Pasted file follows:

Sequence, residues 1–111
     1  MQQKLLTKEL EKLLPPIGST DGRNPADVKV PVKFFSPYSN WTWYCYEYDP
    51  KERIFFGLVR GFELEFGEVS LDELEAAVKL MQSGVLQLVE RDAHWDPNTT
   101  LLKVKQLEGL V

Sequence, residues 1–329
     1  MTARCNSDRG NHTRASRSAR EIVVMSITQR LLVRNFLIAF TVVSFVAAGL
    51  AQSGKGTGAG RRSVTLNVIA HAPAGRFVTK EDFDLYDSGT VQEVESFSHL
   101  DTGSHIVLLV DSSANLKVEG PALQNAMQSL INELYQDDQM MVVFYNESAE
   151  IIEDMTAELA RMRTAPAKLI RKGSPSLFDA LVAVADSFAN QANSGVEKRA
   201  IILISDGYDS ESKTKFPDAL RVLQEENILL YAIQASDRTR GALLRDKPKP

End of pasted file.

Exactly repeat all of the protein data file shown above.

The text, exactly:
Sequence, residues 1–111
     1  MQQKLLTKEL EKLLPPIGST DGRNPADVKV PVKFFSPYSN WTWYCYEYDP
    51  KERIFFGLVR GFELEFGEVS LDELEAAVKL MQSGVLQLVE RDAHWDPNTT
   101  LLKVKQLEGL V

Sequence, residues 1–329
     1  MTARCNSDRG NHTRASRSAR EIVVMSITQR LLVRNFLIAF TVVSFVAAGL
    51  AQSGKGTGAG RRSVTLNVIA HAPAGRFVTK EDFDLYDSGT VQEVESFSHL
   101  DTGSHIVLLV DSSANLKVEG PALQNAMQSL INELYQDDQM MVVFYNESAE
   151  IIEDMTAELA RMRTAPAKLI RKGSPSLFDA LVAVADSFAN QANSGVEKRA
   201  IILISDGYDS ESKTKFPDAL RVLQEENILL YAIQASDRTR GALLRDKPKP